“… how about if you stop accusing Senator McCain of “flip-flopping” just because he has the intelligence and experience to have a less than simple-minded, formulaic approach to resolving our many national problems?”
Sunday, September 21, 2008
Hello. Because I know you are sincerely committed to quality and continuing education, I would like to make the following two points about your campaign’s interpretation of Senator McCain’s recent statements about the economy. Here goes…
1. It is entirely possible and often the case that the fundamentals of our economy would be strong, even while the economy itself is dealing with serious problems. You, for example, are working hard to become President of the United States. In the process, you have had a number of problems, such as the mess with Reverend Wright, and yet, throughout it all, I’m sure you never doubted that the fundamentals of your person and your campaign remained strong – strong enough to recover with a major taxpayer subsidy. See how easy that was?
By the way, on this first point, if the fundamentals of our economy were not strong, how do you explain the way the difficulties at Merrill Lynch, Morgan Stanley, Lehman Brothers, Constellation Energy and others are resolving themselves – and doing so without government assistance? How do you explain the way our banking system continues to function – albeit a bit skittishly, which is to be expected in light of the profoundly negative prognosis we keep hearing from Washington? There is and will continue to be less credit available, at higher costs to more accurately reflect risk, but then the problem we’re trying to correct is that there was too much credit available at rates which were too low. Tightening the availability of credit is the whole idea of “The Big Fix” our Congress is about to debate. If the fundamentals of our economy are not strong, how is it that economy is moving so quickly to repair itself?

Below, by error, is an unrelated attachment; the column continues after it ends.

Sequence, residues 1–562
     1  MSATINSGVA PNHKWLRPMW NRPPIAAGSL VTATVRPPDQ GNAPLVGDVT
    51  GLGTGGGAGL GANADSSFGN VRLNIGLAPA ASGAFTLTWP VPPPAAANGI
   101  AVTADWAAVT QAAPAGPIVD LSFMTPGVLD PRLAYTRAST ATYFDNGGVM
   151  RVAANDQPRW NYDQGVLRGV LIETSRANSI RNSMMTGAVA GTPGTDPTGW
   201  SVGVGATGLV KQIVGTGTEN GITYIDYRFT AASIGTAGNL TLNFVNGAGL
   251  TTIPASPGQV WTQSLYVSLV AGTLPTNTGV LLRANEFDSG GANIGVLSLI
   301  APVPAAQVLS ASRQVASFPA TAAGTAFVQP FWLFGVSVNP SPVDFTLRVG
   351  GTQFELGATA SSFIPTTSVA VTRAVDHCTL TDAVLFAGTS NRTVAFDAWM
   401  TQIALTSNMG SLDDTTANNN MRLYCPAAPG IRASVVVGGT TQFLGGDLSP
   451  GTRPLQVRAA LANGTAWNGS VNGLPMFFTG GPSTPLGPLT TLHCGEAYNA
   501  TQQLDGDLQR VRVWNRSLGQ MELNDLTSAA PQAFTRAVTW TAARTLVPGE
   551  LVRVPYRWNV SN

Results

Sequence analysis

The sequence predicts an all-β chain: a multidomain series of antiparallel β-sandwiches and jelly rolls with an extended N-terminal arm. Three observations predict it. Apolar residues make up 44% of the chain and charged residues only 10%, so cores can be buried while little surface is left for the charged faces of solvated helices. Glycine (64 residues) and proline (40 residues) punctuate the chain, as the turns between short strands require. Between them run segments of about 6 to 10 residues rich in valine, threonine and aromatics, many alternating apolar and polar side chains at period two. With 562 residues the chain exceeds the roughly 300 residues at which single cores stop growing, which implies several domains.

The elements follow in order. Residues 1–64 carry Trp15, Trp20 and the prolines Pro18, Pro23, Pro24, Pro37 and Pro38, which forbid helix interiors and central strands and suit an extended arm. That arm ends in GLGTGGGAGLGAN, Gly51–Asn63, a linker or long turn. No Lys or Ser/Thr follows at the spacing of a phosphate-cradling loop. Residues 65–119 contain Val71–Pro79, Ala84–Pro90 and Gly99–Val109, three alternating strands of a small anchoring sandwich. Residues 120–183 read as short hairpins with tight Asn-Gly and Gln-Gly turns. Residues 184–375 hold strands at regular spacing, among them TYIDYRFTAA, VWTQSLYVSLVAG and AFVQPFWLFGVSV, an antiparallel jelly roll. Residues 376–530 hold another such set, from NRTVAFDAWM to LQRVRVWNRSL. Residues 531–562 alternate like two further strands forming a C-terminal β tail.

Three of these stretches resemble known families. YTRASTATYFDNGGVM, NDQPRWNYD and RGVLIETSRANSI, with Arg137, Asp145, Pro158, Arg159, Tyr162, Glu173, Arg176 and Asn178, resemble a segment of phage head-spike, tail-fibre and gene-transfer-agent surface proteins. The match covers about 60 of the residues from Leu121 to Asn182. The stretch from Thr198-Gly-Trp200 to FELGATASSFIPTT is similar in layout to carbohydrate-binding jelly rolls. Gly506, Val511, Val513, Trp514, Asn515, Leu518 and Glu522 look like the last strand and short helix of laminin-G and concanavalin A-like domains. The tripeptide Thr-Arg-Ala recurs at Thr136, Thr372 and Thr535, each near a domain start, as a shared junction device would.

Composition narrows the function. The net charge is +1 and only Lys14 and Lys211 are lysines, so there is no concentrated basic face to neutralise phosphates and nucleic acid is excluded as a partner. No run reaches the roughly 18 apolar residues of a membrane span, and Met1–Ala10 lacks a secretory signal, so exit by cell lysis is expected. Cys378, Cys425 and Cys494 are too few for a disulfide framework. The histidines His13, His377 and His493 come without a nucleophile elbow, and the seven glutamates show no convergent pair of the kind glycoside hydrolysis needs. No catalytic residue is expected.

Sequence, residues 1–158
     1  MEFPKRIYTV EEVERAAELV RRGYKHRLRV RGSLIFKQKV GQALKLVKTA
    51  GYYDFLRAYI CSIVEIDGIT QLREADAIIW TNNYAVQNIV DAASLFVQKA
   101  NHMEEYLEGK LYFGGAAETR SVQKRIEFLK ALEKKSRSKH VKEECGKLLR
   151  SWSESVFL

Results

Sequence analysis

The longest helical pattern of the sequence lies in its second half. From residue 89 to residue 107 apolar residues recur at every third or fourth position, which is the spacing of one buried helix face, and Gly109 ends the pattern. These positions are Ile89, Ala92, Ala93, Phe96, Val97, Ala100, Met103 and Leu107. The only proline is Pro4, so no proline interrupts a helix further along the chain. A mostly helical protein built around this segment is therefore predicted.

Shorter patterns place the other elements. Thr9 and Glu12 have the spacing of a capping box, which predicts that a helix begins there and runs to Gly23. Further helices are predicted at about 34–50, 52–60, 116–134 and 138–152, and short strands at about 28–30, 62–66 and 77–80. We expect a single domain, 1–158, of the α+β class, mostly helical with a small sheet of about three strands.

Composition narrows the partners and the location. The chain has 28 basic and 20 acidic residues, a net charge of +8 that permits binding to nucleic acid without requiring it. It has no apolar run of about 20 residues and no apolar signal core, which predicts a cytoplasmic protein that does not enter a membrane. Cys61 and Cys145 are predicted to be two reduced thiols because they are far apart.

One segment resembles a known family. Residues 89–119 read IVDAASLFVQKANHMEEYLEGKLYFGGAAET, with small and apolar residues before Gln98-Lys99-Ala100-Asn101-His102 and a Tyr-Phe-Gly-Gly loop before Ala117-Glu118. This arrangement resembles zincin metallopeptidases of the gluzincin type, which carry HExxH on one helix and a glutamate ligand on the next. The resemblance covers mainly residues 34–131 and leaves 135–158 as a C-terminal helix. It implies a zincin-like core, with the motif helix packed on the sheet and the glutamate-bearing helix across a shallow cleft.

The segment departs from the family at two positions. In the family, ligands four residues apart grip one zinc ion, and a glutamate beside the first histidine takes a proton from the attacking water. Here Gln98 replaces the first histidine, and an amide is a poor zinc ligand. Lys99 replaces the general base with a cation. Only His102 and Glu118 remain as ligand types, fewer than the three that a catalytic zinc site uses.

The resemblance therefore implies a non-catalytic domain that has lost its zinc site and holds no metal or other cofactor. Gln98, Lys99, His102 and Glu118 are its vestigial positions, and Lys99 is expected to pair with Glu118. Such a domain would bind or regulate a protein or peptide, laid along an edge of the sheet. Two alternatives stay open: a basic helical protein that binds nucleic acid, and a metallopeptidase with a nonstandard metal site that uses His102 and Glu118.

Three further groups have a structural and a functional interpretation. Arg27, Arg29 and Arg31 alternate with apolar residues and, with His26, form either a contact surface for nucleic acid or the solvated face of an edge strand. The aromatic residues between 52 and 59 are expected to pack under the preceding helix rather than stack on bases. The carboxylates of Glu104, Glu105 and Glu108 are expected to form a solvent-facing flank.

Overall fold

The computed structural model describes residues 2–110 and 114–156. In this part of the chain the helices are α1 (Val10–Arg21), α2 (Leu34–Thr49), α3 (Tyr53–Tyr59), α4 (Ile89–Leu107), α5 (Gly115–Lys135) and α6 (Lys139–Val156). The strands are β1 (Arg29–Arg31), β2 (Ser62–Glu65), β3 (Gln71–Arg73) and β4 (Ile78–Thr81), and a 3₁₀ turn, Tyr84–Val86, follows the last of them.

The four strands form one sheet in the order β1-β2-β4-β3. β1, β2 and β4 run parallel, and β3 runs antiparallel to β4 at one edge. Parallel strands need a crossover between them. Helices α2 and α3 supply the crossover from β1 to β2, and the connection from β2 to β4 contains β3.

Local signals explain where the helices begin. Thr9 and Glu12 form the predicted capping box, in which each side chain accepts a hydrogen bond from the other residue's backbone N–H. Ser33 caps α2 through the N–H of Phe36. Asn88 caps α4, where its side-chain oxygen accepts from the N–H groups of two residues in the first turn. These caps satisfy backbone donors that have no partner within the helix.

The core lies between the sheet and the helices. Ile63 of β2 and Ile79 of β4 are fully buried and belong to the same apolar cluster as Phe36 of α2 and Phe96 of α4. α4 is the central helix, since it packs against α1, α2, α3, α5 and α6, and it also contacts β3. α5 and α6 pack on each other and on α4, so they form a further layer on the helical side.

2. It is also entirely possible to be generally opposed to government intervention in the economy, while at the same time being in favor of some specific regulatory programs. I am, for example, adamantly opposed to our buying the bad debt these various financial institutions are carrying on their books, in favor of allowing the economy to handle that problem on its own, while at the same time being in favor of limited regulations designed to prevent the continued origination of such paper and its derivatives. What’s wrong with that?
I suspect that both you and especially Senator McCain agree that we need to leave our economy alone, within limits designed to prevent adverse practices which tend to escape the natural self-correcting tendencies of our capitalist system. The only debate between you and Senator McCain is the extent of those limits, Senator McCain being less restrictive than you seem to be.
Certainly, Senator Obama, you’re not suggesting that your approach to economic, social and national security policies is “all or nothing,” that we should do everything one way or another according to some rigid doctrine without the common sense flexibility to make adjustments depending upon circumstances. Of course not. So, how about if you stop accusing Senator McCain of “flip-flopping” just because he has the intelligence and experience to have a less than simple-minded, formulaic approach to resolving our many national problems? …and I’ll ask him and his campaign to do the same for you.